• The Queensland University of Technology, where Prasad is based, promotes STEM careers through engagement with high schools, including on-campus workshops and events for high school students.
• Engineers Australia has a wide range of resources for teachers and students, including engaging learning materials, careers advice and national competitions.
• Future Makers hosts a substantial bank of links to STEM resources for Australian students, ranging from science events, education kits and career programmes.
• According to Indeed, the average annual salary for an engineer in Australia is AUS$53,000. Prasad says, “In the current post-COVID market, average salaries are increasing substantially.”
Pathway from school to smart systems engineering
At school and post-16, Prasad recommends mathematics as essential for most STEM degrees. Additionally, he says that subjects focused on science, technology, engineering, computing and medicine will all help set the stage for a career in engineering.
He also suggests finding out about study opportunities in smart systems engineering disciplines at the University of Southern Queensland.
Despite underprivileged beginnings, Professor Prasad Yarlagadda has had an illustrious career, focusing on research that improves the quality of life for many. This includes the development of innovative medical devices and anti-pathogenic surfaces, as well as an array of community-led development projects. He has worked with non-government organisations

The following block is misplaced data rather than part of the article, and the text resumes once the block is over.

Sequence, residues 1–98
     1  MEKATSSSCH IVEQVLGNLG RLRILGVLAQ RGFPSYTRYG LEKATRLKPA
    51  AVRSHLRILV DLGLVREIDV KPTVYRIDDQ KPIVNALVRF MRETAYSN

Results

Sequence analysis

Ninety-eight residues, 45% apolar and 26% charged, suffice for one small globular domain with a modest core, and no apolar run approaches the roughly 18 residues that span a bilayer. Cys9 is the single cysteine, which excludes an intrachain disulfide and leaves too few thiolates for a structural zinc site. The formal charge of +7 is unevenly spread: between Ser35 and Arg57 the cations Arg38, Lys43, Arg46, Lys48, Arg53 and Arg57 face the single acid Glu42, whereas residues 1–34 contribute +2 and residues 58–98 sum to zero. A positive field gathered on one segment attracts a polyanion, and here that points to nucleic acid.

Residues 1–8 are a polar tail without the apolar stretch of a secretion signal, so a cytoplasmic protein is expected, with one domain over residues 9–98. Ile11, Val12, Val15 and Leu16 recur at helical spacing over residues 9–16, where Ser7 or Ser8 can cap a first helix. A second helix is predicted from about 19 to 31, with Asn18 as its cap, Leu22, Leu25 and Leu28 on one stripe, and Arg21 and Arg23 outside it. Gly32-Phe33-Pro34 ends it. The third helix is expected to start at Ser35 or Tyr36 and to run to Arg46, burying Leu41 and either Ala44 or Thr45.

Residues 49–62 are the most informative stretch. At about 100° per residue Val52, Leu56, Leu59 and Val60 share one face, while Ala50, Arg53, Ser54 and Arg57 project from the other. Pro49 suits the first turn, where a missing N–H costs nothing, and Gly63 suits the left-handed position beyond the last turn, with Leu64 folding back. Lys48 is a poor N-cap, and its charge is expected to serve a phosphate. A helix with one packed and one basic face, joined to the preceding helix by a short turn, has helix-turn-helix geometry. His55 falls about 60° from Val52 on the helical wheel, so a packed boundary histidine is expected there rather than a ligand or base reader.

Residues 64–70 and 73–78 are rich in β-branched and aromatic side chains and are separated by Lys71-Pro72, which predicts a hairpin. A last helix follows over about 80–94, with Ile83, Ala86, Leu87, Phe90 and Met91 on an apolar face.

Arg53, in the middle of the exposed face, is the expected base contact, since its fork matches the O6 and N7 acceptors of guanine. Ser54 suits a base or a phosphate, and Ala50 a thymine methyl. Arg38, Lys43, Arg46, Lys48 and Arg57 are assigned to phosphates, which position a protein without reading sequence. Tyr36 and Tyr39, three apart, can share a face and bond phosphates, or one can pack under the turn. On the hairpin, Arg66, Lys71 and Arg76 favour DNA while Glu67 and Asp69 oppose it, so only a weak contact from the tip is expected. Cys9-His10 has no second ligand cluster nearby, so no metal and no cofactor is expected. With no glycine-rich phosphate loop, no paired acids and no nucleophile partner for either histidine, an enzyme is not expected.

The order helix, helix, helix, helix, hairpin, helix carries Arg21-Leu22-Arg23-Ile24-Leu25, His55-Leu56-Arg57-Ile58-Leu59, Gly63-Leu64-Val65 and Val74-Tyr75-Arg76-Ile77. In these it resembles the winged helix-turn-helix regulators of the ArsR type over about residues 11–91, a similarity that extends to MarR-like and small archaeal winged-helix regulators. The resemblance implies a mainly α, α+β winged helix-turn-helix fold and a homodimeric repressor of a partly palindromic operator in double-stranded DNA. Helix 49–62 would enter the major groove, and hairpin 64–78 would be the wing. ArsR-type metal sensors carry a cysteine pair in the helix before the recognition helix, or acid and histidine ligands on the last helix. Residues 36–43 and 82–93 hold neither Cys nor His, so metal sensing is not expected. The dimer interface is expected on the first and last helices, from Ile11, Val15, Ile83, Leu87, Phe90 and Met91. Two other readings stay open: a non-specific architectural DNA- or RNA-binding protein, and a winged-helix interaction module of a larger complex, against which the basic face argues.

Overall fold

(NGOs) to enhance the mobility of landmine victims in Cambodia and Vietnam, led community efforts for Queensland multicultural organisations, and shown leadership of international professional organisations too. Cumulatively, these achievements led Prasad to be awarded the prestigious Order of Australia Medal. Prasad explains more about his life and achievements.
“I was the first person in my family to enter middle school. As both my parents were illiterate due to economic conditions preventing their education, I did not get much educational guidance during my early years. Despite their financial hardship, my parents always encouraged my desire to learn. I am always grateful to them for supporting my education, which has not only changed my life but has paved the way for my younger family members too.